> to fiddle around with the BASIC that came with it. One of my favourite
    > commands was (memory permitting) something like this;
    >
    > DATA xyz$ (1, 1, 1, 1, 0, etc)
    >
    > this allowed you to design your own ASCII-style characters in an 8x8
    > gird with 1's representing a white dot and 0 not. You could then call
    > this as you would any other single character.


    More generically, it allowed to store data.
    The READ call returned the content of DATA element by element.

    > I'm currently learning C++ (albeit from a book) and was wondering if
    > there was a similar command for use in console style applications.


    Nothing so simple unfortunately.
    It is the bitter price of complexity :)

    However, it would not be in the standard; it is os specific.

    > I hope that you are able to help me with this and don't bite me to
    > much.


    Michael
    Michael DOUBEZ, Feb 19, 2008
    #3
  4. Hi,

    Thanks for the info I'll go and check out the OS groups.

    Many thanks,
    I Own The Letter O, Feb 19, 2008
    #4
  5. I Own The Letter O

    James Kanze Guest

    On Feb 19, 4:59 pm, "Victor Bazarov" <> wrote:
    > I Own The Letter O wrote:


    > > When I was a child I owned an Amstrad CPC6128 home computer
    > > and liked to fiddle around with the BASIC that came with it.
    > > One of my favourite commands was (memory permitting)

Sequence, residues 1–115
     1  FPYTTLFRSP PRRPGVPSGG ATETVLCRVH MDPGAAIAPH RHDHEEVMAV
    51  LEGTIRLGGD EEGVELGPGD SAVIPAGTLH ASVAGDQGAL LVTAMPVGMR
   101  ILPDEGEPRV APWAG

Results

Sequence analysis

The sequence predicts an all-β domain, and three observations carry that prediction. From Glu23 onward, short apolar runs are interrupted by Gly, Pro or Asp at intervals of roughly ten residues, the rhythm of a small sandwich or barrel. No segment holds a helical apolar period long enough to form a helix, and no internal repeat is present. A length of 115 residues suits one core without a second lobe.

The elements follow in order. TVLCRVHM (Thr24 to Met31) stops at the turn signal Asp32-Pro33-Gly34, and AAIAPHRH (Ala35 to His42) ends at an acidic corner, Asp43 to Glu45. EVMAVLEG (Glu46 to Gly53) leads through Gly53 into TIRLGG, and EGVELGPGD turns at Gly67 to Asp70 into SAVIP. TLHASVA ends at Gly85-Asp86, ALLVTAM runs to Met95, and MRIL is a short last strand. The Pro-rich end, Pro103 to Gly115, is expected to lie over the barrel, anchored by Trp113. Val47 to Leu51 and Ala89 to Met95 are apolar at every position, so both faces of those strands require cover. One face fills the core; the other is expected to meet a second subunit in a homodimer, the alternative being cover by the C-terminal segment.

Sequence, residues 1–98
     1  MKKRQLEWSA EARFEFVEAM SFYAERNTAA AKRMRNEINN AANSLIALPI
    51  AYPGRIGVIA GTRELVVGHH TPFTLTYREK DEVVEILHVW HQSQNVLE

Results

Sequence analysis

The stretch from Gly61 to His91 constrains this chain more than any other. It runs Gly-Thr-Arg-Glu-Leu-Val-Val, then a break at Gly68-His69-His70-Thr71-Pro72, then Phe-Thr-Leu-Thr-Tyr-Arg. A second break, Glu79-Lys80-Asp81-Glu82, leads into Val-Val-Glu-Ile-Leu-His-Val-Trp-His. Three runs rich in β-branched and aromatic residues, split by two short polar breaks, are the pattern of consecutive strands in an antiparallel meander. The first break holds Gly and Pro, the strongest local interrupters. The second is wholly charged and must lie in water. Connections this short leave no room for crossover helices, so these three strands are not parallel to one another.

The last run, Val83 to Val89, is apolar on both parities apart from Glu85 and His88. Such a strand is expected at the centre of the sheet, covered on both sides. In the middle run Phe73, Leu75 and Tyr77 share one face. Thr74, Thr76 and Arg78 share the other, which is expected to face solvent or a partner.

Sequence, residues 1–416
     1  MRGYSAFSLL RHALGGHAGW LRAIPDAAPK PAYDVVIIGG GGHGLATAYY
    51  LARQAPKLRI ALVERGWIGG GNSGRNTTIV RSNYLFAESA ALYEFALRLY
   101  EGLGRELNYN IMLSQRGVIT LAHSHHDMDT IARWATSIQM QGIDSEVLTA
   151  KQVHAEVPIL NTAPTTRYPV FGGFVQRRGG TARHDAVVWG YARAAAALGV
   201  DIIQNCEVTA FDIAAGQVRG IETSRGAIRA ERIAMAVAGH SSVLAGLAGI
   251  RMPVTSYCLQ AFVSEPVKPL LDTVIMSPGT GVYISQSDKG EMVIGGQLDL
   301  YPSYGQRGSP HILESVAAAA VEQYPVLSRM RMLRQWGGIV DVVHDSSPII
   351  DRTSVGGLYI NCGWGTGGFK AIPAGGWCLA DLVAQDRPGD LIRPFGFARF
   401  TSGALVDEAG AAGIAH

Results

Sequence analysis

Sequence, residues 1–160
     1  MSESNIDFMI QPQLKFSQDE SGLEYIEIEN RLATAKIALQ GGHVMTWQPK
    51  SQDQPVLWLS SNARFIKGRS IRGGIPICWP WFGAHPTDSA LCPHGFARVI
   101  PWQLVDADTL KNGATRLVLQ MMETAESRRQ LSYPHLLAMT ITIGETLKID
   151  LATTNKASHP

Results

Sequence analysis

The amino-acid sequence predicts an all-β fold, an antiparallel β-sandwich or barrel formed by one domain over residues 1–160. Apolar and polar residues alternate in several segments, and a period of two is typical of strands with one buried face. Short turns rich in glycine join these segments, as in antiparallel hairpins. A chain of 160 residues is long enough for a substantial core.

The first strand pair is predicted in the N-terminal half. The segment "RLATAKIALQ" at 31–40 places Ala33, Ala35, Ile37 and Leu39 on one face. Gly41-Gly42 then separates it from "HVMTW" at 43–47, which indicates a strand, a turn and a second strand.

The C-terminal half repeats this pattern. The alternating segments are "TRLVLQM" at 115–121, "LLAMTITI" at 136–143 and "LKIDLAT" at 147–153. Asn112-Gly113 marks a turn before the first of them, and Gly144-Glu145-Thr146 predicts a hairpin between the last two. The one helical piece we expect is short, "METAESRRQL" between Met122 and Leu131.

> > something like this;


    > > DATA xyz$ (1, 1, 1, 1, 0, etc)


    > > this allowed you to design your own ASCII-style characters
    > > in an 8x8 gird with 1's representing a white dot and 0 not.
    > > You could then call this as you would any other single
    > > character.


    > > I'm currently learning C++ (albeit from a book) and was
    > > wondering if there was a similar command for use in console
    > > style applications.


    > > I hope that you are able to help me with this and don't bite
    > > me to much.


    > C++ is a high-level programming language.


    Actually, it's a multi-paradigm language, and can be quite
    effective for low level programming as well. However...

    > Access to character generator is not considered high-level.


    Above all, it's not considered portable.

    Off hand, I don't know of any machine today which represents
    characters as an 8x8 grid of dots. Display hardware (and
    printers) have become a lot more sophisticated. Of course, it's
    possible to do this sort of thing, but it involves accessing the
    low level graphical routines of your GUI interface. (Which is
    basically another way of saying what you said----except that I'd
    like to point out that under Windows or Unix, it's going to be a
    lot more difficult than just specifying an 8x8 grid of dots.)

    --
    James Kanze (GABI Software) email:
    Conseils en informatique orientée objet/
    Beratung in objektorientierter Datenverarbeitung
    9 place Sémard, 78210 St.-Cyr-l'École, France, +33 (0)1 30 23 00 34
    James Kanze, Feb 19, 2008
    #5